Kawasaki Syndrome (Disease)

Kawasaki Syndrome, which mostly occurs in children below 5 years of age, results in vasculitis, or inflammation of the walls of the blood vessels, throughout the body.

  • The common symptoms include fever, a bright red coloration of the tongue, usually called strawberry tongue, swollen and cracked lips, and rashes in different parts of the body.
  • In some cases, the disease causes serious heart complications which can become fatal, if not treated.
  • Kawasaki Syndrome is thought to be associated with some infection, but the exact cause is not known.
  • Kawasaki Syndrome is diagnosed based entirely on symptoms, as no specific diagnostic test is available.
  • Almost all the children who are affected by Kawasaki Syndrome recover completely with timely medical intervention.
  • Treatment involves administration of aspirin and immunoglobulin in high doses.

Kawasaki Syndrome, which is also known as Kawasaki disease, causes the walls of the blood vessels to become inflamed. The inflammation is usually wide spread, affecting almost all the blood vessels in the body. Most of the serious consequences of the disease result from the inflammation of the blood vessels of the heart. Kidneys and pancreas also can be affected. The exact cause of Kawasaki Syndrome is not yet known, but it is thought to be an auto immune disease triggered by a virus or some other organism or an abnormal response of the immune system to certain infections. A genetic predisposition to the disease is observed in children of Japanese descent.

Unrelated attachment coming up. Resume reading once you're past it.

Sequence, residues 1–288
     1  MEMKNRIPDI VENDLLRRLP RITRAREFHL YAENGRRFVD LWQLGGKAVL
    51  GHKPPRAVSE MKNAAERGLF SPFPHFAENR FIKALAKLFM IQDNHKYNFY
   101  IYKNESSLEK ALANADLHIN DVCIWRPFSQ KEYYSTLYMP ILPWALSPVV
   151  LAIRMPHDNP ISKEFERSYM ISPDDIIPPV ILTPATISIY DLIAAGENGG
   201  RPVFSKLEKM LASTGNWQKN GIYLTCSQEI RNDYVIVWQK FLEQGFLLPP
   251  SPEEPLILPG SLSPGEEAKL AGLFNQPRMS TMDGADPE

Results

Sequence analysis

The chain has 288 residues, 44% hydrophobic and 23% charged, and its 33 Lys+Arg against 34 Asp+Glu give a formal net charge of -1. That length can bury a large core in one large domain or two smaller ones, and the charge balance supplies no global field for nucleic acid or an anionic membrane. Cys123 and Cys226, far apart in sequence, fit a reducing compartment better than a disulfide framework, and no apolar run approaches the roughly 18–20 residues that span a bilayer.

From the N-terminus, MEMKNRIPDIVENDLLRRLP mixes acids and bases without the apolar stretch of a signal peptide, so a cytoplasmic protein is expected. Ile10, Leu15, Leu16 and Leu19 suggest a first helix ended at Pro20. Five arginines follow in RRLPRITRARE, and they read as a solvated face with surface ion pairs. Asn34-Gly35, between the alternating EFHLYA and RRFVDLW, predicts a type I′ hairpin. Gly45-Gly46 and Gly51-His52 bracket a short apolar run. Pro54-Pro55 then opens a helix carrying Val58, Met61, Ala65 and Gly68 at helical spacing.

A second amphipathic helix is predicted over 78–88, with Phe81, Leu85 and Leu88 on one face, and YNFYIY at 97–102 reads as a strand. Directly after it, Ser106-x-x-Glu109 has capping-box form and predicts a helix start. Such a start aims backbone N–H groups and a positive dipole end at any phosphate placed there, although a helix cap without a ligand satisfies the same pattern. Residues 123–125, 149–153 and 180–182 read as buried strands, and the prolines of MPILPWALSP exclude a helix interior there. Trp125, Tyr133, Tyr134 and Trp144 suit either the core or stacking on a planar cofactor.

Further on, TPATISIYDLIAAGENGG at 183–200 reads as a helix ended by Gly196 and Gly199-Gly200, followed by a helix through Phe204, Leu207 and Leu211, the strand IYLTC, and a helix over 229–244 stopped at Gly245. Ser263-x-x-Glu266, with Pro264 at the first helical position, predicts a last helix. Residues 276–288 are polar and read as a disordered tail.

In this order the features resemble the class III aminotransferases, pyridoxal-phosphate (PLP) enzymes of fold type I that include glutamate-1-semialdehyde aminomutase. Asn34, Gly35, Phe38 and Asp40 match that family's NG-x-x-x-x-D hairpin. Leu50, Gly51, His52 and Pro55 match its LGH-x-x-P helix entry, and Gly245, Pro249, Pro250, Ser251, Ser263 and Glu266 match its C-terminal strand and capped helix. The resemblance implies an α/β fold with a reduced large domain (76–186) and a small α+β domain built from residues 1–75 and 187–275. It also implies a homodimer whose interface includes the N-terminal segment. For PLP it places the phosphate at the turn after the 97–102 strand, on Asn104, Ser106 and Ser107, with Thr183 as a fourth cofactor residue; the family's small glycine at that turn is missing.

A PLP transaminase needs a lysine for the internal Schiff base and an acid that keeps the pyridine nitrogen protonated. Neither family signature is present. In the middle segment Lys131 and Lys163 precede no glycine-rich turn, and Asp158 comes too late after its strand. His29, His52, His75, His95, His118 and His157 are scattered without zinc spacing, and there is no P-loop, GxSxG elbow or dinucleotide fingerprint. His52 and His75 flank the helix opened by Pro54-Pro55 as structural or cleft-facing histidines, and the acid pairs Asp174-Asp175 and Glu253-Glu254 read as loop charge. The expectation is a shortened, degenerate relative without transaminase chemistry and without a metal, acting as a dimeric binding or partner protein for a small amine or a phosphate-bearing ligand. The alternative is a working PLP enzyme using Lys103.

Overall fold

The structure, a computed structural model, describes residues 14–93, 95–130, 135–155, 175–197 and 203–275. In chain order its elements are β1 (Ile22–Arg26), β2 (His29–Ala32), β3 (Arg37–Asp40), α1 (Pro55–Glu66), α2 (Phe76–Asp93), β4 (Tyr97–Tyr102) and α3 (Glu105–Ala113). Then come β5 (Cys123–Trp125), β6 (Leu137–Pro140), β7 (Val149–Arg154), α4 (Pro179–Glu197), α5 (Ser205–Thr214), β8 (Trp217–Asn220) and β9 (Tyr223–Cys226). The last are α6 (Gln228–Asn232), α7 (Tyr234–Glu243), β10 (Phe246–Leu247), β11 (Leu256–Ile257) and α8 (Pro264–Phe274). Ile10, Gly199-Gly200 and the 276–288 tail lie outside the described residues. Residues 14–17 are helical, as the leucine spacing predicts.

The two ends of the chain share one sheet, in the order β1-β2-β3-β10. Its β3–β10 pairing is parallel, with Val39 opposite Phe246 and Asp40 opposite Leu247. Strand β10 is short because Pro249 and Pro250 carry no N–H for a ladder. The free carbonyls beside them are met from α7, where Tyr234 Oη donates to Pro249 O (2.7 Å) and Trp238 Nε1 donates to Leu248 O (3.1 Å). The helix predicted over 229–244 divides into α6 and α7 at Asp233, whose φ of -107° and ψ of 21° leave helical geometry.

Children less than 5 years of age are the most affected, while most cases of Kawasaki Syndrome occur in children between 1 to 8 years of age. However, younger infants as well as adolescents are also affected. The incidence in boys is double that of girls. Though the disease is more prevalent in children of Japanese origin, thousands of cases are reported every year in the United States alone.